Regular writing can bolster the immune system, help you recover from traumatic events more successfully and ease stress and depression. Professor James Pennebaker, from the University of Texas in Austin
Soon after I sequestered myself to keep safe during the COVID-19 pandemic, I started a COVID-19 Diary. Inspired by The Diary of Anne Frank, at first I thought of the diary as a historical document and a remembrance for my great-grandchildren. However, I soon discovered the immediate personal benefits of expressing my frustrations, fears, victories, and disappointments.
Research by Professor Pennebaker and others suggest that those who regularly write in a journal or diary have a more vigorous antibody response to bacteria and viruses and produce less cortisol, a stress hormone. I can’t prove any reduction in stress or increased antibodies but I do know that expressing my thoughts in a diary has a calming affect on me as I clear my mind of negativity. I also use my diary to track progress on my soon-to-be-published book. It helps me stay focused and reminds me that I am making progress even if it feels slow.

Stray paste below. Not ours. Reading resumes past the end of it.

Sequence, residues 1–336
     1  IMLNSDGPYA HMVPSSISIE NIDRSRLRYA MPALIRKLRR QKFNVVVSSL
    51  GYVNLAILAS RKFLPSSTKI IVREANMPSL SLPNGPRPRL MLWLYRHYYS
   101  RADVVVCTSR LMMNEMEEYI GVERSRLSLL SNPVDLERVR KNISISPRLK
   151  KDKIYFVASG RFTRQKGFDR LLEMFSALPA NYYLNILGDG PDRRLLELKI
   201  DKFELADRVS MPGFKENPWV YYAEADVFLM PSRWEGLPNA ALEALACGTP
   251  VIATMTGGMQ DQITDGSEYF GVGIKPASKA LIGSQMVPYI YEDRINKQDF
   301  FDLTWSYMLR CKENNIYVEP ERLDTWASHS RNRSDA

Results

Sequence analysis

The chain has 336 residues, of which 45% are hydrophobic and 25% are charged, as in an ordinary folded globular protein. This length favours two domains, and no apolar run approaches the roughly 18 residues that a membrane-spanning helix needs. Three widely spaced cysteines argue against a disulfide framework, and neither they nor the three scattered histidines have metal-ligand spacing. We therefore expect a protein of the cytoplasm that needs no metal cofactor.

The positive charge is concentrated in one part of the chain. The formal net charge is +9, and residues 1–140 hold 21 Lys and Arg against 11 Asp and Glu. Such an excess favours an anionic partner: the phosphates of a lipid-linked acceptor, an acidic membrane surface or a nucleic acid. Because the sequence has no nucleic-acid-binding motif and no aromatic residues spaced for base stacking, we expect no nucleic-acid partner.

Affirmation: I will continue to write in my diary.
Coaching questions request: What would it be like to start your own COVID-19 Diary? What are the possible benefits? Write about your feelings, activities, circumstances every couple of days for a week. Let me know how this exercise works for you.
One thought on “Benefits of a COVID-19 Diary”
I did that during divorce and also realized, interestingly, it needs very little correction/editing. But it was “just for me.”